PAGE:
The book opens in County Cork in 1921 with the eponymous Lucy as a small girl oblivious to the changes sweeping across Ireland. The Gaults are a Protestant land-owning family: Lucy's father, Captain Everard, was an officer in the British Army and her mother Heliose is English. When three local lads attempt to set fire to their ancestral home Lahardane (a country house in the vein of Elizabeth Bowen's Bowen's Court) Everard shoots and wounds one of the intruders, Horahan. The shot proves to have disastrous and reverberating consequences for the family: consequences that might appear melodramatic if Trevor didn't unfurl them with such subtlety and poise.

Everard and Heloise opt to leave Ireland but just before they are about to depart Lucy runs away. Convinced that she has drowned, the Gaults reluctantly head off into exile. Lucy is discovered alive but attempts to contact her kin fail. As her parents mournfully journey across Europe, Lucy, raised by two faithful servants, whiles away the years reading and waiting for their return. Her isolated existence at Lahardane is finally broken when Ralph, a young teacher, accidentally stumbles upon the house. Slowly, a romance blossoms, although Lucy, plagued by guilt and the ghosts of the past, is simply unable to grasp this chance of happiness. She does eventually find a kind of redemption (kept tantalisingly until the final chapters) but her tale, told with extraordinary beauty, compassion and precision, is ultimately one of endless disappointments. --Travis Elborough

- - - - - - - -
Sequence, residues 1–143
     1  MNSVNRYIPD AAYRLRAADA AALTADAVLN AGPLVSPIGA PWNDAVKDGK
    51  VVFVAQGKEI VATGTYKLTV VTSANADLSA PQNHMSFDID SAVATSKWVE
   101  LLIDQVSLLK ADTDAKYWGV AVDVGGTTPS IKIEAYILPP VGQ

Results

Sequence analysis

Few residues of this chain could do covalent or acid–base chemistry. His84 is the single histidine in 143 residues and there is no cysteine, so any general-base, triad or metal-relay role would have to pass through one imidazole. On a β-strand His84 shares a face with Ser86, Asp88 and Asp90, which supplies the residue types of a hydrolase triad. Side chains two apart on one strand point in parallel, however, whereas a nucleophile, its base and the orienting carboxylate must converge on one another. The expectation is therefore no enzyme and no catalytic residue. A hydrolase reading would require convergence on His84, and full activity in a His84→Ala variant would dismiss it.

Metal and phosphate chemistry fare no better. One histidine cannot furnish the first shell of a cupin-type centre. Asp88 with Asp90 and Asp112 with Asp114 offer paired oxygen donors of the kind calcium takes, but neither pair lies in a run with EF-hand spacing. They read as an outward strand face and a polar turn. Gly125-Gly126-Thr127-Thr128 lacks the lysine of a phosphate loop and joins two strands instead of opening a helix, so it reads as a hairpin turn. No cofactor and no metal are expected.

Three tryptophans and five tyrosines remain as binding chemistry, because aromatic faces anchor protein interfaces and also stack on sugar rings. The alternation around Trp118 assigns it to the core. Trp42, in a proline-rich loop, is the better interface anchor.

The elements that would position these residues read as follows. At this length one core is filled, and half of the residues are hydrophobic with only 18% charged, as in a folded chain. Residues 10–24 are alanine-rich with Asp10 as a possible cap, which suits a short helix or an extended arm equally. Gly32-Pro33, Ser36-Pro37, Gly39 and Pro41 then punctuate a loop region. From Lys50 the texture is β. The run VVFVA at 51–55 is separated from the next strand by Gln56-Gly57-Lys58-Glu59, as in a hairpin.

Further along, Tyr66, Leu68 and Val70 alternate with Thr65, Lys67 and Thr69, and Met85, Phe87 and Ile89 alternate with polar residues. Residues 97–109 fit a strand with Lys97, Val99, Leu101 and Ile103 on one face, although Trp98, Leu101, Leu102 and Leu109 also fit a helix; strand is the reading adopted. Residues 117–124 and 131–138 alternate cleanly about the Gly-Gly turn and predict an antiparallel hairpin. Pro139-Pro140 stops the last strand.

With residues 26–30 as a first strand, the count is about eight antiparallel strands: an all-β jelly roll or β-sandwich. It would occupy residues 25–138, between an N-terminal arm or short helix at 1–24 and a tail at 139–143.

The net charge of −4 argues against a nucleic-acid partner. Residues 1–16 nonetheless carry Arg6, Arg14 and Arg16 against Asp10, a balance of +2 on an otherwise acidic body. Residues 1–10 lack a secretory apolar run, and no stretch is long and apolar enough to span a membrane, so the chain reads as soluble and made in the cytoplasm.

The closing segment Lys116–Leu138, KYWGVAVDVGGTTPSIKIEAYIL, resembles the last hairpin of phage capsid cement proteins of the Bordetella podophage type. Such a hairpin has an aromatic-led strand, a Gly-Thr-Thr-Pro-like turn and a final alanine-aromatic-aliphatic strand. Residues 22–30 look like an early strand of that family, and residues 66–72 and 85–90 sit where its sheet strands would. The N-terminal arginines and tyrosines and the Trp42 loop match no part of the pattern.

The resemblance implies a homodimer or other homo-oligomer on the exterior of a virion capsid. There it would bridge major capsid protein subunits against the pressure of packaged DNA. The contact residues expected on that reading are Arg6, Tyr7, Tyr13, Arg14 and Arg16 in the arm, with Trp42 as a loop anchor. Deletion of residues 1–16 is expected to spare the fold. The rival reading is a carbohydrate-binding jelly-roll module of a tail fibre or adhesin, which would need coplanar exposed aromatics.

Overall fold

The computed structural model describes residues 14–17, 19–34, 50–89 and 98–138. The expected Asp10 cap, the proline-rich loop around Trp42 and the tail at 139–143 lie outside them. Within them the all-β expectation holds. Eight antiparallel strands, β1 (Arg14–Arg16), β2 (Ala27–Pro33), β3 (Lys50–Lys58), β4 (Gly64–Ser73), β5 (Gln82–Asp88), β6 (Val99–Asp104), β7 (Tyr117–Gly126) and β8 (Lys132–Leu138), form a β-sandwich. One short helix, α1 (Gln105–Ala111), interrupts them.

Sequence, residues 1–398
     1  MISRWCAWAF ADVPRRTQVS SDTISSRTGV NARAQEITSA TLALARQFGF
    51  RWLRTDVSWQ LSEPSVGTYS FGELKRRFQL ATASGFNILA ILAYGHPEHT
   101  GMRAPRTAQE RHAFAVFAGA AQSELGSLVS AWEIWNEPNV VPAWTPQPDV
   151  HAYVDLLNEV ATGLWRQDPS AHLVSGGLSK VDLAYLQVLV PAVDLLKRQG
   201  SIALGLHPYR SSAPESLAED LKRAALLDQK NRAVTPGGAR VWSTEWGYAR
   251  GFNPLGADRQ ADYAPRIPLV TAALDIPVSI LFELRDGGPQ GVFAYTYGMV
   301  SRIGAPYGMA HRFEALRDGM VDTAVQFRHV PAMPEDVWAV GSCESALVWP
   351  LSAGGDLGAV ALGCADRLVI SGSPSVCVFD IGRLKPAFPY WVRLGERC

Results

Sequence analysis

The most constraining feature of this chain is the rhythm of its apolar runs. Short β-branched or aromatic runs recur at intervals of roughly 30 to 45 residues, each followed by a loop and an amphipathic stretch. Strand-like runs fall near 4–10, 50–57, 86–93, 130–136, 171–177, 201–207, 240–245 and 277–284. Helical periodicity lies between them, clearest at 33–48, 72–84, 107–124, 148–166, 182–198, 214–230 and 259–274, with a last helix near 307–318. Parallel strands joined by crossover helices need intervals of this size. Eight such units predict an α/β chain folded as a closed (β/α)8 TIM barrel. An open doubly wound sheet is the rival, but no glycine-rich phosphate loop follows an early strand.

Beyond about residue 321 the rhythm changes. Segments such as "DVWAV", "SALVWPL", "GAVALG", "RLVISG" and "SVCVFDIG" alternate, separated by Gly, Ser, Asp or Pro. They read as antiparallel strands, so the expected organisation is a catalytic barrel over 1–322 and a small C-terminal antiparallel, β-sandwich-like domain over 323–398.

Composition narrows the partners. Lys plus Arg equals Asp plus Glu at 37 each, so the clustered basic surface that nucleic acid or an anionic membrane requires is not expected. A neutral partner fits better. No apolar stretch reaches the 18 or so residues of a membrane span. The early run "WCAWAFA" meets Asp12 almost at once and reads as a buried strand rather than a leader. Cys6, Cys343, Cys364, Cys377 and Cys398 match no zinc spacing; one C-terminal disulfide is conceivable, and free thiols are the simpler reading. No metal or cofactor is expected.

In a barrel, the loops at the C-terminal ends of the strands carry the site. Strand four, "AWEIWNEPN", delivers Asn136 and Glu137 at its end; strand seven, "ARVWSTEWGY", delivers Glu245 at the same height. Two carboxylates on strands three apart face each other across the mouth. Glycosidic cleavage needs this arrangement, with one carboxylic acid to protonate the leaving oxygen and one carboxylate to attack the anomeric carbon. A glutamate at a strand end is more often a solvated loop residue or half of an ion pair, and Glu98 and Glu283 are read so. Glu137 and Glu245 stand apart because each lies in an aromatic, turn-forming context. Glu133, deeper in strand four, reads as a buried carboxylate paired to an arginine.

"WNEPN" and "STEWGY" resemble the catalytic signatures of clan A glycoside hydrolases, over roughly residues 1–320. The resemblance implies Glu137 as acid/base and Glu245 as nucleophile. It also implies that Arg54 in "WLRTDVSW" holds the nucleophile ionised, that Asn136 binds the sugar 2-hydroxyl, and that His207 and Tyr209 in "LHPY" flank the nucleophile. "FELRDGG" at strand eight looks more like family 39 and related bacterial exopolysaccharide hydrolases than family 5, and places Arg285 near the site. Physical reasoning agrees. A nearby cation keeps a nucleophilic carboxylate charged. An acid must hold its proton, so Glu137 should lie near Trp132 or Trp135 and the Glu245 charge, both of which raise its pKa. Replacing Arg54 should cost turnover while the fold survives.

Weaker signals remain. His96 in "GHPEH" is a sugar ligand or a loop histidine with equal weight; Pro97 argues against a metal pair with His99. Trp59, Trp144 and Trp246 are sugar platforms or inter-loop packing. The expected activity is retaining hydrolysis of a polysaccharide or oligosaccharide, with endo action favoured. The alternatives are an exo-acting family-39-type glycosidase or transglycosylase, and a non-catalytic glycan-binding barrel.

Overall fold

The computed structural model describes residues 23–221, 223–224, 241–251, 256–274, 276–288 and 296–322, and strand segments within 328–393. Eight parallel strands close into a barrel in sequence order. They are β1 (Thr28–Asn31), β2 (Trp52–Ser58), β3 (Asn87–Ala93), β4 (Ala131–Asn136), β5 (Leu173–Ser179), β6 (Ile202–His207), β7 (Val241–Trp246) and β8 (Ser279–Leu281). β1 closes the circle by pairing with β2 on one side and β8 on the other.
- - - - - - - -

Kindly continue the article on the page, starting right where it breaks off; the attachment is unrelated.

Product details

  • Format: Kindle Edition
  • File Size: 1185 KB
  • Print Length: 244 pages
  • Publisher: Penguin (27 Oct. 2011)
  • Sold by: Amazon Media EU S.à r.l.
  • Language: English
  • ASIN: B0074Z3YAM
  • Text-to-Speech: Enabled
  • X-Ray:
  • Word Wise: Enabled
  • Enhanced Typesetting: Not Enabled
  • Average Customer Review: 3.9 out of 5 stars 76 customer reviews
  • Amazon Bestsellers Rank: #34,527 Paid in Kindle Store (See Top 100 Paid in Kindle Store)
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Customer reviews

Top customer reviews

Format: Kindle Edition Verified Purchase
I loved the idea of this story but the way it is written to be honest I really struggled with. I put it down so many times and read three other books. I did get to the end mainly as it had been picked by my book club. Otherwise I don't think I would have finished it.
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Format: Paperback Verified Purchase